I disagree. I think there needs to be an overhaul done to the laws governing parole and probation violations. The idea that every single felon shouldn't be allowed to be in someone else's home where a broken toy gun or water gun is, is a waste of my tax dollars and my time. This is some of the most retarded stuff I've heard of or dealt with yet. I'm quite sure this was never the intent behind the rule. But I also don't think being a felon should make it impossible for you to own a real hand gun in your life...JMO. Being in a home where a gun is or working on a car that has a gun in it doesn't make a person more predisposed in using the weapon and committing a crime just because they were convicted of a felony at some point in their life. While on parole or probation I think they should be required to prove that the gun is the violator's...show me some finger prints people, put the gun in the violator's hands...if you can't do that it doesn't pass the smell test and therefore you shouldn't be allowed to violate someone on it. I think it goes beyond the scope of the reasoning behind the rule. It is senseless, worthless, and just another way for the State to keep people down...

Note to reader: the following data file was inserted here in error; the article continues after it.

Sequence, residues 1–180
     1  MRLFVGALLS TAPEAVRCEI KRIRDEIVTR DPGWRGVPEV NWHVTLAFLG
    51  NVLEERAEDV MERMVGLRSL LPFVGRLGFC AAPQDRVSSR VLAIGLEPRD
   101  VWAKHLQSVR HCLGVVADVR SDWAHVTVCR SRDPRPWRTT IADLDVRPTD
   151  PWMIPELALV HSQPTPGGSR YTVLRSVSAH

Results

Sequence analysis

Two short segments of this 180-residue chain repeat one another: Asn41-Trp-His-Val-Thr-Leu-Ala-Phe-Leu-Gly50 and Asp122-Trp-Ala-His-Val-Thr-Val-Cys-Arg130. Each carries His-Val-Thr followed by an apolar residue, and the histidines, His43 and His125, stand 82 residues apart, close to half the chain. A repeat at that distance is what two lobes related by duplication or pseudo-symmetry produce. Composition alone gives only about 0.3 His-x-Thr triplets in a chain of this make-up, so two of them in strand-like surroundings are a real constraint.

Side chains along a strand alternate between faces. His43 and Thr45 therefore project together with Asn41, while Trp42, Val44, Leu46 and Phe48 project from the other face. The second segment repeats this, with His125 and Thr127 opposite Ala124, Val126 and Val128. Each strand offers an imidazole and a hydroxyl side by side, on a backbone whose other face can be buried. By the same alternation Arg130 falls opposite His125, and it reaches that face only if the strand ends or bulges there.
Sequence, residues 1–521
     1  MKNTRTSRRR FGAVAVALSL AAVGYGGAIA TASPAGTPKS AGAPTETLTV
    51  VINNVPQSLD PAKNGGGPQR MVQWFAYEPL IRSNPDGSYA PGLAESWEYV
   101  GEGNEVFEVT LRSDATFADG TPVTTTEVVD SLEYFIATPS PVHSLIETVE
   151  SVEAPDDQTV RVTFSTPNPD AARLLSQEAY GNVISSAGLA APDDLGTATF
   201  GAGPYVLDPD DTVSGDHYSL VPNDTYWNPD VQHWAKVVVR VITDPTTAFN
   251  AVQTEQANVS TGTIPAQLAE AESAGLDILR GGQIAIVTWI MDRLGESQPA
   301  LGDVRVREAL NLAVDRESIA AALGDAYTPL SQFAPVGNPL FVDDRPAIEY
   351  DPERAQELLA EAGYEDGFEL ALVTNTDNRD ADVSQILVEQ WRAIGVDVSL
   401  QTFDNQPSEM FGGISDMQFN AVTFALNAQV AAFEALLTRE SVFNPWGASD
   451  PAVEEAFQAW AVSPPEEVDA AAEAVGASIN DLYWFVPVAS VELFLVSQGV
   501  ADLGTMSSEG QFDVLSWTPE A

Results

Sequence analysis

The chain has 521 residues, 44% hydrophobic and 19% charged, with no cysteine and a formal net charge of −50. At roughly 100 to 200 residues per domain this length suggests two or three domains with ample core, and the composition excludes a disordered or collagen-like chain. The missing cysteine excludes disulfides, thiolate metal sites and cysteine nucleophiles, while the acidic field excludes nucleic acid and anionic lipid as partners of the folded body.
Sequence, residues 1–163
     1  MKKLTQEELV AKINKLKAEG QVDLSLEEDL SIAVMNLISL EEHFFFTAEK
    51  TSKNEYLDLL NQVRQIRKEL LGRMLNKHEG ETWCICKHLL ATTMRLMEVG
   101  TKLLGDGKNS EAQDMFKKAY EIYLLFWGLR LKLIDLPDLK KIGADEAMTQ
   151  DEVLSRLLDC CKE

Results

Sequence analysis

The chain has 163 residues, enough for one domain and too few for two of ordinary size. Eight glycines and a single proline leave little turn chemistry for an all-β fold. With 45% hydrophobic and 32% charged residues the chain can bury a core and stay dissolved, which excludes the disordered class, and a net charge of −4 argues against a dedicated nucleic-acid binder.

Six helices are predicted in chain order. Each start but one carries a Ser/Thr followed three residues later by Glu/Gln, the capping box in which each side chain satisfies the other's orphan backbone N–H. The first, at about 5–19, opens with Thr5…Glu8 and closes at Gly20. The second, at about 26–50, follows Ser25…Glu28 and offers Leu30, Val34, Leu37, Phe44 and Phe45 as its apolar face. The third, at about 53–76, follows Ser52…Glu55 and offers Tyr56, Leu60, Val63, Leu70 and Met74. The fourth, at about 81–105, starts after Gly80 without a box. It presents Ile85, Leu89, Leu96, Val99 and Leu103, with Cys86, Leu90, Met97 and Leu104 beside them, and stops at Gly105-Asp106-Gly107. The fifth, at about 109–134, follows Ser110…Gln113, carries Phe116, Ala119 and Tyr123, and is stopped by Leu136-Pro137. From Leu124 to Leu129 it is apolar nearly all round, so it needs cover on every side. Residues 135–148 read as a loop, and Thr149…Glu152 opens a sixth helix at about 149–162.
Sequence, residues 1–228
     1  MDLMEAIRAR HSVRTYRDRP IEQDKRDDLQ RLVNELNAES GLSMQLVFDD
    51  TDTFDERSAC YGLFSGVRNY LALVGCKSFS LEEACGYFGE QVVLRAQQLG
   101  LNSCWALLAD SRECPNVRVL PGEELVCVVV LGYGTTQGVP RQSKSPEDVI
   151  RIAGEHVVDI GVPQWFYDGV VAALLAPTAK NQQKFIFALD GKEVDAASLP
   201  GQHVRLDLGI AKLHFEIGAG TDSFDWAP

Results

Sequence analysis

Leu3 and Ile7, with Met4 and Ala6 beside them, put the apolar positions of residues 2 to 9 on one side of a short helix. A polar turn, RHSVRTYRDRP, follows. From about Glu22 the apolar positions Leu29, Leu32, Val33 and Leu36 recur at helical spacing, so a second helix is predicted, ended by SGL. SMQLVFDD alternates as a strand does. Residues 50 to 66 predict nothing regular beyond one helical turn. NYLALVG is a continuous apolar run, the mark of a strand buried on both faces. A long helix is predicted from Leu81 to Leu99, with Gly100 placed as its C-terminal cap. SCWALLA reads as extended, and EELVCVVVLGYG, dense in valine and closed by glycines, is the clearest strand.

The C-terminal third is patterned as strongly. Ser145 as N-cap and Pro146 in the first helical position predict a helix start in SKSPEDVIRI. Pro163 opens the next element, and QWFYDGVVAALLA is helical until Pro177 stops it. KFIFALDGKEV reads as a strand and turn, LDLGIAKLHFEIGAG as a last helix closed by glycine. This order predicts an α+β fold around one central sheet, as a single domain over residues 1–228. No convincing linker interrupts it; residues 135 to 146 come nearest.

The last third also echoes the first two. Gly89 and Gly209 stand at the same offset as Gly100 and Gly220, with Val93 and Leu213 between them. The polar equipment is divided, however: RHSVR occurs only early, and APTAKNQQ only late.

ilovecharles
12-03-2010, 10:53 AM
I disagree. I think there needs to be an overhaul done to the laws governing parole and probation violations. The idea that every single felon shouldn't be allowed to be in someone else's home where a broken toy gun or water gun is, is a waste of my tax dollars and my time. This is some of the most retarded stuff I've heard of or dealt with yet. I'm quite sure this was never the intent behind the rule. But I also don't think being a felon should make it impossible for you to own a real hand gun in your life...JMO. Being in a home where a gun is or working on a car that has a gun in it doesn't make a person more predisposed in using the weapon and committing a crime just because they were convicted of a felony at some point in their life. While on parole or probation I think they should be required to prove that the gun is the violator's...show me some finger prints people, put the gun in the violator's hands...if you can't do that it doesn't pass the smell test and therefore you shouldn't be allowed to violate someone on it. I think it goes beyond the scope of the reasoning behind the rule. It is senseless, worthless, and just another way for the State to keep people down...